Belfast Telegraph

The Spitfire replica you won't see, thanks to Stormont

By Noel McAdam

A replica Spitfire part-funded by generous Belfast Telegraph readers was to take pride of place at this month's Ulster Aviation Society (UAS) show.

And the educational charity had hoped its profits from the two-day event would help pay off the remaining debt on the £28,000 piece of history.

Now the aircraft will remain in its hangar at the Maze, out of sight to the public.

Society chairman Ray Burrows said yesterday: "I would have to say Belfast Telegraph readers did help us with funding.

"And we had hoped with the £15,000 profit we would have made from this year's event we could have paid off the Spitfire."

This newspaper played a part in the arrival of the replica craft at the Maze earlier this year, which is modelled on one of the famous Spitfires funded by Belfast Telegraph readers during World War Two.

Built from fibreglass by an English firm, the Spitfire at the UAS base was transported by ferry to its new home in Northern Ireland in January – and is the only replica of its type in the province.

The UAS has been using it to tell schoolchildren about the role of Spitfires in fighting the Axis powers.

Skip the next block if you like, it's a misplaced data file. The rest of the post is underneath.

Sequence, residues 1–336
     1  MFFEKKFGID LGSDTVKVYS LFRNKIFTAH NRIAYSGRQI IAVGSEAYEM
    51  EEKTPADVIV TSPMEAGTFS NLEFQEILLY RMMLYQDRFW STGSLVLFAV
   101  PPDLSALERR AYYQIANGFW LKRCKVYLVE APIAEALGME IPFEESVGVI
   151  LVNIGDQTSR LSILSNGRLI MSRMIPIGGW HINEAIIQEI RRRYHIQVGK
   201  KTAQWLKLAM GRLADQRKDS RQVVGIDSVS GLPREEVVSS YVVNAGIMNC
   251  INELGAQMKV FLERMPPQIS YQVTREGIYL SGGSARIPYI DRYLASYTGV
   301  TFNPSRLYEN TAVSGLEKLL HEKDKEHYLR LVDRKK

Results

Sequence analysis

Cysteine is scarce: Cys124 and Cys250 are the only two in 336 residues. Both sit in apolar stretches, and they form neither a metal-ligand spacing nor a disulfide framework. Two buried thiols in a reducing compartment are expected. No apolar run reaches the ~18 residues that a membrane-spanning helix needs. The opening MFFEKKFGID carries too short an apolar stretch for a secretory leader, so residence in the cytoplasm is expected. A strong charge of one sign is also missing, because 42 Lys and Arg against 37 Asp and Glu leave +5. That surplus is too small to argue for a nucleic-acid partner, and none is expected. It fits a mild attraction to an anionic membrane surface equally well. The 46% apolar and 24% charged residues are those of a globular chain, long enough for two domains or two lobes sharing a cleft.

Mr Burrows said it was an exact copy of the type of aircraft purchased through the famous Belfast Telegraph Spitfire Fund of 1940, at the height of the Battle of Britain.

The Telegraph's aim back then was to raise £5,000 through public donations – the price of one of the famous fighters at the time.

But our thousands of readers dug deep and raised the amazing total of £85,000, which enabled the purchase of 17 Spitfires for the RAF.

Mr Burrows described it as the best newspaper fundraiser during the Second World War. Each of the 17 Spitfires was named after a community, county or region of Northern Ireland, and the society hopes to name its replica Spitfire after one of those actual wartime machines.

The names they will be able to choose from are: Antrim, Armagh, Down, Fermanagh, Londonderry, Tyrone, Larne, Ballymena, Bangor, Aldergrove, Mountains O'Mourne, Enniskillen, Mid-Ulster, Belfast, Portadown, City of Derry and Harlandic.

Unfortunately, most of the fighter planes were lost in action or through crashes.

The Tyrone and Harlandic planes were downed in the same air battle off the French coast, while the City of Derry and the Londonderry aircraft were lost in 1941.

Belfast Telegraph


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